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Why your MBA may cost more than it used to

Your MBA may have just got a little more expensive, even if tuition’s exactly the same.

Although a Masters in Business Administration is a popular means of growing income and advancing professionally, a recent tax court ruling could increase the price tags for certain students.

In December, U.S. Tax Court Judge Kathleen Kerrigan ruled in favor of the IRS in a case where a student sought a tax deduction for his MBA tuition. Students often qualify for “miscellaneous education deductions” for MBAs and other degrees, if the degrees are deemed a necessary and ordinary business expense that improves their skills.

Kerrigan, however, denied Adam Edward Hart an $18,600 deduction, based on tuition costs he ran up earning his MBA, on the grounds that he failed to prove that the degree benefited him in his career – primarily, because of his limited work experience and the amount of time he spent unemployed.

The ruling could raise the bar when it comes to determining what students must do to prove a degree helps them perform or advance their careers.

At a time when unemployment remains a major concern, it also could mean that people will lose critical tax deductions – particularly if they’ve already lost their jobs.

The ability to prove professional necessity or career advancement could now “be subject to higher scrutiny,” noted Heather Santonino, a tax services manager at Melville, N.Y.-based accounting firm Marcum LLP.

The IRS’s legal victory comes as the federal government touts the benefits of education regarding job retention, professional retraining and overall employment opportunities. Despite the government’s suggestion that advanced degrees are the ticket to a better professional life, the Hart case suggests clearly that people pursuing an MBA in hopes of furthering their careers may be left holding the bag.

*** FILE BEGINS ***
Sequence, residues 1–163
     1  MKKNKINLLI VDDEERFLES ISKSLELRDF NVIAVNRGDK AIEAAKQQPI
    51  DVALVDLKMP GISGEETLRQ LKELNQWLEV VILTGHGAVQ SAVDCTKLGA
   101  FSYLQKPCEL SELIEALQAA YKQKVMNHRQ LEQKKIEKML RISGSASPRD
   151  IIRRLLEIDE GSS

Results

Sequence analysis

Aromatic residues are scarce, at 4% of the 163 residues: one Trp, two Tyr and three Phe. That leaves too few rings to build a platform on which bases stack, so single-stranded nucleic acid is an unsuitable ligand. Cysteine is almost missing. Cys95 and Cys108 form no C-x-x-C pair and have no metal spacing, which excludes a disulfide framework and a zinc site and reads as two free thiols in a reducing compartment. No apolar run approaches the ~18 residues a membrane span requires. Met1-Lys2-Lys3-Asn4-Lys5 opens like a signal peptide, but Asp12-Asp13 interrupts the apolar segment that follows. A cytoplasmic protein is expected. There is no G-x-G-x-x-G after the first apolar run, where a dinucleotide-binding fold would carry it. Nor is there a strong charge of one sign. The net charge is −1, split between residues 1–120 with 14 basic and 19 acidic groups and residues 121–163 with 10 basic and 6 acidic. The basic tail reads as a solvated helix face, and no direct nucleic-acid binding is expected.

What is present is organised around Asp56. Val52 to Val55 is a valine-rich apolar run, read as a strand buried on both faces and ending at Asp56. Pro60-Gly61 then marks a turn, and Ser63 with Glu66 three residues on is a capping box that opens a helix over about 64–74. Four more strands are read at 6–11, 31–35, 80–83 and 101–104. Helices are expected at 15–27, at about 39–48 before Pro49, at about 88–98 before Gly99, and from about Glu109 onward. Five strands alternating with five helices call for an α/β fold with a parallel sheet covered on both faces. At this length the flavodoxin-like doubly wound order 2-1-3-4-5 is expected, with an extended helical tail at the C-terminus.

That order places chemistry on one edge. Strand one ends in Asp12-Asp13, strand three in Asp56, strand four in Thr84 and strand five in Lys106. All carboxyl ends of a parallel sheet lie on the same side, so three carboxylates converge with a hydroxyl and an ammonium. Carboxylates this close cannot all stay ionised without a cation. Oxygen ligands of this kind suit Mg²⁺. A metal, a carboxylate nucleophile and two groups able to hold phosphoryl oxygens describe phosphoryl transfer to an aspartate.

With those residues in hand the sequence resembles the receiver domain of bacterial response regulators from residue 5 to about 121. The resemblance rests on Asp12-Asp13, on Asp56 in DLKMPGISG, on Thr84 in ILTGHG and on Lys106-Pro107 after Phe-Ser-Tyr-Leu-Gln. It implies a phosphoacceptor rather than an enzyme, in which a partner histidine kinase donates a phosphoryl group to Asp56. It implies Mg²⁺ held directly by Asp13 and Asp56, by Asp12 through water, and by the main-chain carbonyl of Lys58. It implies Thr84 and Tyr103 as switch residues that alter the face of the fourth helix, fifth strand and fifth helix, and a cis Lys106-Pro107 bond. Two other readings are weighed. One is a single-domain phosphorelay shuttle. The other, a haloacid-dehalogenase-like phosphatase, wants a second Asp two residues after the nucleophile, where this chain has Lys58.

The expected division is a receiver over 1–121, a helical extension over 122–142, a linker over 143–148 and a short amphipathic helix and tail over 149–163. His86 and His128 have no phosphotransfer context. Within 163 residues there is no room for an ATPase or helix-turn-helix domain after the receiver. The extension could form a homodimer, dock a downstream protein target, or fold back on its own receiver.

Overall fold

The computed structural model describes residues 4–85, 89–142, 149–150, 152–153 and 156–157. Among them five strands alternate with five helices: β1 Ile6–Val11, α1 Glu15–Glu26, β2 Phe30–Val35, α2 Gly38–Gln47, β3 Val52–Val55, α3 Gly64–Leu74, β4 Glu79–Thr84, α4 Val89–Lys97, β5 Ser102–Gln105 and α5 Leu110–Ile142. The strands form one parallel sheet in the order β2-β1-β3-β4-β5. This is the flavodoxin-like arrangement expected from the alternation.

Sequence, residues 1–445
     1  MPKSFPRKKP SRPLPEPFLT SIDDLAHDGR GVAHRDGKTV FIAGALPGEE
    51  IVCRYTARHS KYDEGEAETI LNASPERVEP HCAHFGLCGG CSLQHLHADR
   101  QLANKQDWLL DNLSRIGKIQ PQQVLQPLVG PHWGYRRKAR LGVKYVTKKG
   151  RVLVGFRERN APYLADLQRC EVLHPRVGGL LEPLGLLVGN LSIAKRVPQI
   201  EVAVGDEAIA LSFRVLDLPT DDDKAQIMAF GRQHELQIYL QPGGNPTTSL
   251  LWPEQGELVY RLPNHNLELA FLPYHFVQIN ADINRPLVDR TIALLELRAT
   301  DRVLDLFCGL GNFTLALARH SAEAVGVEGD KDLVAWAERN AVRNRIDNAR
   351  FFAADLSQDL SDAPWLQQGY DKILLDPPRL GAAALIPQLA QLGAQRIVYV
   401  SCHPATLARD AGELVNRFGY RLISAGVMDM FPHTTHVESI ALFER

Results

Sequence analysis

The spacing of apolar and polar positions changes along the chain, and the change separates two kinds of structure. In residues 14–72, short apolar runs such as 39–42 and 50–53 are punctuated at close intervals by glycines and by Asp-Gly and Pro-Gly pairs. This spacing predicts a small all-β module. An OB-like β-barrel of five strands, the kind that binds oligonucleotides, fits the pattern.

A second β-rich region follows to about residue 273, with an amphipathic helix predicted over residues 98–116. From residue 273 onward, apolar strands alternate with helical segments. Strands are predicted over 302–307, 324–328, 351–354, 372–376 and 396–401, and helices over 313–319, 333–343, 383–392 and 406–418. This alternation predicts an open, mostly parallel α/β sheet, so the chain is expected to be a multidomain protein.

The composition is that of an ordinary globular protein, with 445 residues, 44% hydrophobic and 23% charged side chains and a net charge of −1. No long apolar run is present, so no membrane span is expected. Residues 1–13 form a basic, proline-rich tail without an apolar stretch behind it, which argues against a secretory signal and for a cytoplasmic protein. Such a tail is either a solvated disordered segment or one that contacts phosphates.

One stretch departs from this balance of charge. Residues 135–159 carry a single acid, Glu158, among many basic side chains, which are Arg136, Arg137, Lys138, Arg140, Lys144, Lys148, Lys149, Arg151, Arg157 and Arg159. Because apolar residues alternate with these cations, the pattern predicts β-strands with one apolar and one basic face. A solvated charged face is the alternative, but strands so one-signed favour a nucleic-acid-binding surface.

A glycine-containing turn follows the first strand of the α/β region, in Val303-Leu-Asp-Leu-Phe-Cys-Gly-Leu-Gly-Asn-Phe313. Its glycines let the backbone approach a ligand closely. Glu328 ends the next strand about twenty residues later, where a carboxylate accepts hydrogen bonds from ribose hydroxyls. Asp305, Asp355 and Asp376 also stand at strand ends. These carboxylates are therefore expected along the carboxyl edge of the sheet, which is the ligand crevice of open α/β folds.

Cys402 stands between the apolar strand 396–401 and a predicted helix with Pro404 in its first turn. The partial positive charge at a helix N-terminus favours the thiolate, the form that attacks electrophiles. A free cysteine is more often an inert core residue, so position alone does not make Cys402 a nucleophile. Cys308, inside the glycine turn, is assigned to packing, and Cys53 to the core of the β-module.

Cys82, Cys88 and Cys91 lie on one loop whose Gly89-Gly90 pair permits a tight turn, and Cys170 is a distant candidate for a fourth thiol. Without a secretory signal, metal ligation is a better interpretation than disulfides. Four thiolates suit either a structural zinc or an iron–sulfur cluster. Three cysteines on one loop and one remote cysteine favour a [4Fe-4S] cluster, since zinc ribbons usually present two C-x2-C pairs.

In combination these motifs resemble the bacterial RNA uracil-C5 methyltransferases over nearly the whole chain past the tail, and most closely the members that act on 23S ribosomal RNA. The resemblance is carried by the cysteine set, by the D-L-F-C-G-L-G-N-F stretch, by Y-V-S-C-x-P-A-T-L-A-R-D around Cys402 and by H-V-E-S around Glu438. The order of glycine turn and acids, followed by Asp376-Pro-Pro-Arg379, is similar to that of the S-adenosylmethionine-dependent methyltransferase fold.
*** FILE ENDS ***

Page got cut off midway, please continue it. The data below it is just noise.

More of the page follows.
“There are a lot of inconsistencies between stated public policies and the Internal Revenue code,” said Eric Hananel, a tax partner at national accounting firm Grassi & Co., which maintains Long Island operations in Jericho.

The reason for those inconsistencies is clear, Hananel noted.

“It’s a revenue issue,” he said. “We don’t want everybody running out and taking educational courses.”

The Hart decision, which is being appealed, also comes at a time when MBAs are skyrocketing in popularity. Students obtained 126,214 Masters in Business Administration degrees in 2011, up 74 percent from a decade ago, according to the U.S. Department of Education.

“More people are enrolled in schools, because there are fewer jobs for young people,” Santonino noted. “And one of the most highly sought-after masters is an MBA.”

Students can still apply for the miscellaneous deduction for other degrees, if they show that the education relates to their business. But the MBA is by far the most common degree students cite when shooting for the tax break.

“Someone attending undergraduate education probably won’t qualify,” Hananel said. “When you’re in an MBA program, you could be advancing your skills. That’s the requirement.”

However, students may still qualify for other education-related tax benefits. The Lifetime Learning Credit, covering up to 20 percent of up to $10,000 in educational expenses, could apply to MBAs, for instance – but that credit phases out at after students achieve certain income levels, starting at $107,000 combined income for married couples.

Unless it’s overturned on appeal, the Hart ruling could lead to more challenges of MBA deductions, but insiders say it’s too soon to say how far the ripples will reach.

“The change will occur at the taxpayer level,” Santonino said. “We’ll have to be on the lookout for where it goes from here.”

 

 

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